Question: I think I was recently reading that the best cyclists have a cadence of 110 rpm. This seems very fast (at least for me). I am probably in the 70-90 range. Do most riders do better at higher rpm? Is there benefit to sometimes powering up hills at lower rpm? I asked a question earlier in the year about maintaining cycling shape while doing bouts of backpacking. The advice I received was very good. The first ride after getting back is slow and heavy but after that it comes back quickly. Thanks. – Steve Koester

Coach Fred Matheny Replies: Good question about cadence. In general, riders have individual optimum cadences because of factors like muscle fiber type, neuromuscular wiring and experience. But most experienced riders settle in at a cadence in the 85 to 100 range for most riding.

Cadences of over 100 move a lot of the effort to your cardio-vascular system rather than your legs. You'll breathe hard but your legs will be spared so that they have something left later in the ride. Conversely, grinding along at a low cadence stresses the quads and can lead to "dead legs" or cramps as the miles go by.

Studies of elite riders show that the higher the power output required, the higher the cadence, at least for relatively short efforts. So when pursuiters on the track go for several minutes, they often ride at cadences of over 120.

For longer efforts – say a 40K time trial – cadences are lower but for elite riders they rarely dip below 100. There are a few outliers who grind along at 80 rpm in TTs, but they're in the minority.

If you watched the Tour last summer, you probably noticed that Chris Froome used a rapid cadence when he attacked in the mountains. He couldn't sustain rpm over 100 for too long on grades over 10%, but when he wanted to get a gap to his rivals, he pedaled at a very fast pace.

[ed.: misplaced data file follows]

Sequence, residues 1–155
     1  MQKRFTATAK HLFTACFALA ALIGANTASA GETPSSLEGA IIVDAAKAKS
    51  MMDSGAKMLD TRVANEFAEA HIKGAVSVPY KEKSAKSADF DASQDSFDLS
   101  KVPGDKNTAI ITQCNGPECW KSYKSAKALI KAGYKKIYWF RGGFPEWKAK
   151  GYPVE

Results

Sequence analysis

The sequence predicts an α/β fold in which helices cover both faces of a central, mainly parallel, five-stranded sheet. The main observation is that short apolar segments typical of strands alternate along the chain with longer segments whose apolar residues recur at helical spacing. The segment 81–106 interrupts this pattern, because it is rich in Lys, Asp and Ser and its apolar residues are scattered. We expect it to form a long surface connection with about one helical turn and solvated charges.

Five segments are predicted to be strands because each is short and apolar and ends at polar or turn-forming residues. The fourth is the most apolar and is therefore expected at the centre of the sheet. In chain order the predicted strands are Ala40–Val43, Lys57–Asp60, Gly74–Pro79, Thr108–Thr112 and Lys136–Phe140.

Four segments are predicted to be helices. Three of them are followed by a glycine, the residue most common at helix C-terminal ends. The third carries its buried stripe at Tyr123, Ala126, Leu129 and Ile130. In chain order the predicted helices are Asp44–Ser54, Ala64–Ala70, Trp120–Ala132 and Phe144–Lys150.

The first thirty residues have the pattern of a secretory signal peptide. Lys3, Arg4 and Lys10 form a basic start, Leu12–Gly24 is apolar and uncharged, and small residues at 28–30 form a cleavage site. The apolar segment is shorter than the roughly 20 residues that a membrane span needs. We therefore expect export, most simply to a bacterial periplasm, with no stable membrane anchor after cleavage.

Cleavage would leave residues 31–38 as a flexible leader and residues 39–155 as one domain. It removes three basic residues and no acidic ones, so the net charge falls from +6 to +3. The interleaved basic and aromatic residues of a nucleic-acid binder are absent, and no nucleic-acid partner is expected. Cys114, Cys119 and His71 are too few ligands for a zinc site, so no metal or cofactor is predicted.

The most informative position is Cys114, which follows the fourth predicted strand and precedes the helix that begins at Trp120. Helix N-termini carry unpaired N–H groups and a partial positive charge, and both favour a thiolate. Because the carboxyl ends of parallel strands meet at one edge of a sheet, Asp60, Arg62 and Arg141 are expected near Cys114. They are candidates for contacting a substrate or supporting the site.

In your case, you seem to be comfortable at a lower cadence. It's possible to raise your comfort zone by simply concentrating on a faster cadence for 5-minute sessions on a regular ride. Do some of these faster spins on the flat and some on gradual uphills. Don't let your hips rock in the saddle. Remember – don't pedal harder, pedal faster with a focus on a smooth stroke rather than a jerky, up-and-down motion.

Finally, on short hills that you'd normally power over in the big ring, sit and spin fast. I bet you'll notice quickly that your overall cadence rises about 5 rpm and you feel more efficient.

Riding short hills this way next to a riding buddy is a great way to see the advantages of a faster cadence. If he grinds up the hill in the big ring, you'll keep up or even go past him if you sit and spin. And your legs will feel a lot better at the top of the hill!

Coach Fred Matheny is an RBR co-founder who has four decades of road cycling and coaching experience. He has written 14 eBooks and eArticles on cycling training, available in RBR’s eBookstore at Coach Fred Matheny, including the classic Complete Book of Road Bike Training, which includes 4 eBooks comprising 250 pages of timeless, detailed advice and training plans. The Complete Book is one of the many perks of an RBR Premium Membership. Click to read Fred's full bio.

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